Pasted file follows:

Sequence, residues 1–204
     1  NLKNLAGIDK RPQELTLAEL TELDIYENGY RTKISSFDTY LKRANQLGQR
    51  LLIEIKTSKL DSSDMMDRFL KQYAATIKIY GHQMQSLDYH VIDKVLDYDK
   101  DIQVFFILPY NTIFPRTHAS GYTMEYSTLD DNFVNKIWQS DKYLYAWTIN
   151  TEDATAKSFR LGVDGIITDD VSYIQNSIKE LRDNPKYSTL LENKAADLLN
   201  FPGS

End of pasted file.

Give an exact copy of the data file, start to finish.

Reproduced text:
Sequence, residues 1–204
     1  NLKNLAGIDK RPQELTLAEL TELDIYENGY RTKISSFDTY LKRANQLGQR
    51  LLIEIKTSKL DSSDMMDRFL KQYAATIKIY GHQMQSLDYH VIDKVLDYDK
   101  DIQVFFILPY NTIFPRTHAS GYTMEYSTLD DNFVNKIWQS DKYLYAWTIN
   151  TEDATAKSFR LGVDGIITDD VSYIQNSIKE LRDNPKYSTL LENKAADLLN
   201  FPGS